Should use requestAnimationFrame – Brad Oct 5 '16 at 21:45
  • Thanks for your work! Can you please clarify the need for caching this please? I've thought hard about it but I don't get it. – Rami Awar Apr 18 at 11:28

Using canvas to display Videos

Displaying a video is much the same as displaying an image. The minor differences are to do with onload events and the fact that you need to render the video every frame or you will only see one frame not the animated frames.

The demo below has some minor differences to the example. A mute function (under the video click mute/sound on to toggle sound) and some error checking to catch IE9+ and Edge if they don't have the correct drivers.

Keeping answers current.

The previous answers by user372551 is out of date (December 2010) and has a flaw in the rendering technique used. It uses the setTimeout and a rate of 33.333..ms which setTimeout will round down to 33ms this will cause the frames to be dropped every two seconds and may drop many more if the video frame rate is any higher than 30. Using setTimeout will also introduce video shearing created because setTimeout can not be synced to the display hardware.

There is currently no reliable method that can determine a videos frame rate unless you know the video frame rate in advance you should display it at the maximum display refresh rate possible on browsers. 60fps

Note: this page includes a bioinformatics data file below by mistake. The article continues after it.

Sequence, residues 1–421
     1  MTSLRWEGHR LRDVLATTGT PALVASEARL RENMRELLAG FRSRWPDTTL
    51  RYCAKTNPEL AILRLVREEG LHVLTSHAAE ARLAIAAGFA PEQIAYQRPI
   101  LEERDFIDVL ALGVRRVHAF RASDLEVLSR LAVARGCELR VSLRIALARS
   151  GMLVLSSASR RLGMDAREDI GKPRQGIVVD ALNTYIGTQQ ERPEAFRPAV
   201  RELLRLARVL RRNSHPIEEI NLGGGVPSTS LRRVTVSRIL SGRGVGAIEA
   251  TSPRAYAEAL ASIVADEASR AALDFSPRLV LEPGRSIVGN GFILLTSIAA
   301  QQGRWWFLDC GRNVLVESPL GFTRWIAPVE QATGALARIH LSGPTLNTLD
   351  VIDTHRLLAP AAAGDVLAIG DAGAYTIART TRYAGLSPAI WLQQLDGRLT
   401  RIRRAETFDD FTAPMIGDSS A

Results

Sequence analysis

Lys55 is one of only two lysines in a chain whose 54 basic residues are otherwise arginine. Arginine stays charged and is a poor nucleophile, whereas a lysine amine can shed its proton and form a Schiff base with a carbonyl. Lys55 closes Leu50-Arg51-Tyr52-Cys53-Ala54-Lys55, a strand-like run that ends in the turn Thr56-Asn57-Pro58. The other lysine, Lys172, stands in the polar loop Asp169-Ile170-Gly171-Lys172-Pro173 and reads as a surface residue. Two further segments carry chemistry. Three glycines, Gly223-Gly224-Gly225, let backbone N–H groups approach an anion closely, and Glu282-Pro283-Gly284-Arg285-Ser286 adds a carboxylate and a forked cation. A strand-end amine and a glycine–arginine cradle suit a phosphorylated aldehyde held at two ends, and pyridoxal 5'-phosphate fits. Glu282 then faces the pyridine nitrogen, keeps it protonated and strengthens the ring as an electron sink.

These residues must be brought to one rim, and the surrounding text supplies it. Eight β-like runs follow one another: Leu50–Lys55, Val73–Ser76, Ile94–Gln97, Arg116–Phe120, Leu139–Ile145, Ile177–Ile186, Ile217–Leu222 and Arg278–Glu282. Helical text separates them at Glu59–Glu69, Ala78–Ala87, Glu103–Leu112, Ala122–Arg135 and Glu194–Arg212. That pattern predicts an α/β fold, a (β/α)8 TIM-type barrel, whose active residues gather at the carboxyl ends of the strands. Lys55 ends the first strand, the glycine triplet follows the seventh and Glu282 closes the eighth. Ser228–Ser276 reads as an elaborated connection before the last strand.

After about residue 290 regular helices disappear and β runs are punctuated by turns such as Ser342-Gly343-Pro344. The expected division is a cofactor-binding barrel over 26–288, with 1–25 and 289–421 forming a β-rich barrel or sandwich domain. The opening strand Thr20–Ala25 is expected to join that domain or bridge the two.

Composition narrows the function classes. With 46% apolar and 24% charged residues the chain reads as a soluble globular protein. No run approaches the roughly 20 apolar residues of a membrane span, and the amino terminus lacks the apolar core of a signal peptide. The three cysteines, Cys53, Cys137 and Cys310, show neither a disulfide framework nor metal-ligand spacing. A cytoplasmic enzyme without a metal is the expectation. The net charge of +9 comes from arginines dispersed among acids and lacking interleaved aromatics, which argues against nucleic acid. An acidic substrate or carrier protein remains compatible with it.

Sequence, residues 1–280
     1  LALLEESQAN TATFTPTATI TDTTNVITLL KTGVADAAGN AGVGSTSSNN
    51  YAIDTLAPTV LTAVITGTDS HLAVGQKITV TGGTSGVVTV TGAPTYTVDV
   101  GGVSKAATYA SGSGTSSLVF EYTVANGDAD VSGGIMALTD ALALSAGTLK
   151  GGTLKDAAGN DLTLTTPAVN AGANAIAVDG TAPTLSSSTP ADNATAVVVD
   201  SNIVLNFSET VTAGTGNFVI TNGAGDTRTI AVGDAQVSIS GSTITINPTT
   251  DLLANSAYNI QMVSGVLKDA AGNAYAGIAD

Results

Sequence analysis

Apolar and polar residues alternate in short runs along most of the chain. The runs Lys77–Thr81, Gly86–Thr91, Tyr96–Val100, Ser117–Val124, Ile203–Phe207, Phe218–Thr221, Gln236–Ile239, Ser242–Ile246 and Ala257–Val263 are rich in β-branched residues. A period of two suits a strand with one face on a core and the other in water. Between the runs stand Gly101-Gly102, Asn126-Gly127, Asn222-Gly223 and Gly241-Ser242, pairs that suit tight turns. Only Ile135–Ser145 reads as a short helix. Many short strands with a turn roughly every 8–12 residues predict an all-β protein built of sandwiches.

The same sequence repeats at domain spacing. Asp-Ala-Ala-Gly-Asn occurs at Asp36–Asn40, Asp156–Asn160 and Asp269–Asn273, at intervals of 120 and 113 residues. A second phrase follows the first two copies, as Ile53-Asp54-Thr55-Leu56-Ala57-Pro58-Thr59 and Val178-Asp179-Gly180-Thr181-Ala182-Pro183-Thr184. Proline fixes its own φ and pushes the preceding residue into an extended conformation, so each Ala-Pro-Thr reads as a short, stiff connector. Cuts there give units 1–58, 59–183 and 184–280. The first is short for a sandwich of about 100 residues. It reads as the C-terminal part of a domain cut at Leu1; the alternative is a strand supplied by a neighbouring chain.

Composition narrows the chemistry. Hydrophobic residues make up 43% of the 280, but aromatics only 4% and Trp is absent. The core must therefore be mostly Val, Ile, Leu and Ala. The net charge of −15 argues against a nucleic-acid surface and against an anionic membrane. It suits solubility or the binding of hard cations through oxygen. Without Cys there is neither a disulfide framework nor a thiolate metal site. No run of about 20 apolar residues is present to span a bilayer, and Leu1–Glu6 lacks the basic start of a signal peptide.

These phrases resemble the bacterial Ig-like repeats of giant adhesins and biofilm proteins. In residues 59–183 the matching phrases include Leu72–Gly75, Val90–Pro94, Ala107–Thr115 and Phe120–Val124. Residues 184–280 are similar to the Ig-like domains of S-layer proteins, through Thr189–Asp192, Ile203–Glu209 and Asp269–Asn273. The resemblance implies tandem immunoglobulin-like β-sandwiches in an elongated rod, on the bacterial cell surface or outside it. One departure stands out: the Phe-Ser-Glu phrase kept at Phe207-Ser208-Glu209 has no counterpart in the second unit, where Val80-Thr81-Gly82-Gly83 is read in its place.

The given top answer was for the time (6 years ago) the best solution as requestAnimationFrame was not widely supported (if at all) but requestAnimationFrame is now standard across the Major browsers and should be used instead of setTimeout to reduce or remove dropped frames, and to prevent shearing.

The example demo.

Loads a video and set it to loop. The video will not play until the you click on it. Clicking again will pause. There is a mute/sound on button under the video. The video is muted by default.

Note users of IE9+ and Edge. You may not be able to play the video format WebM as it needs additional drivers to play the videos. They can be found at tools.google.com Download IE9+ WebM support

// This code is from the example document on stackoverflow documentation. See HTML for link to the example.
// This code is almost identical to the example. Mute has been added and a media source. Also added some error handling in case the media load fails and a link to fix IE9+ and Edge support.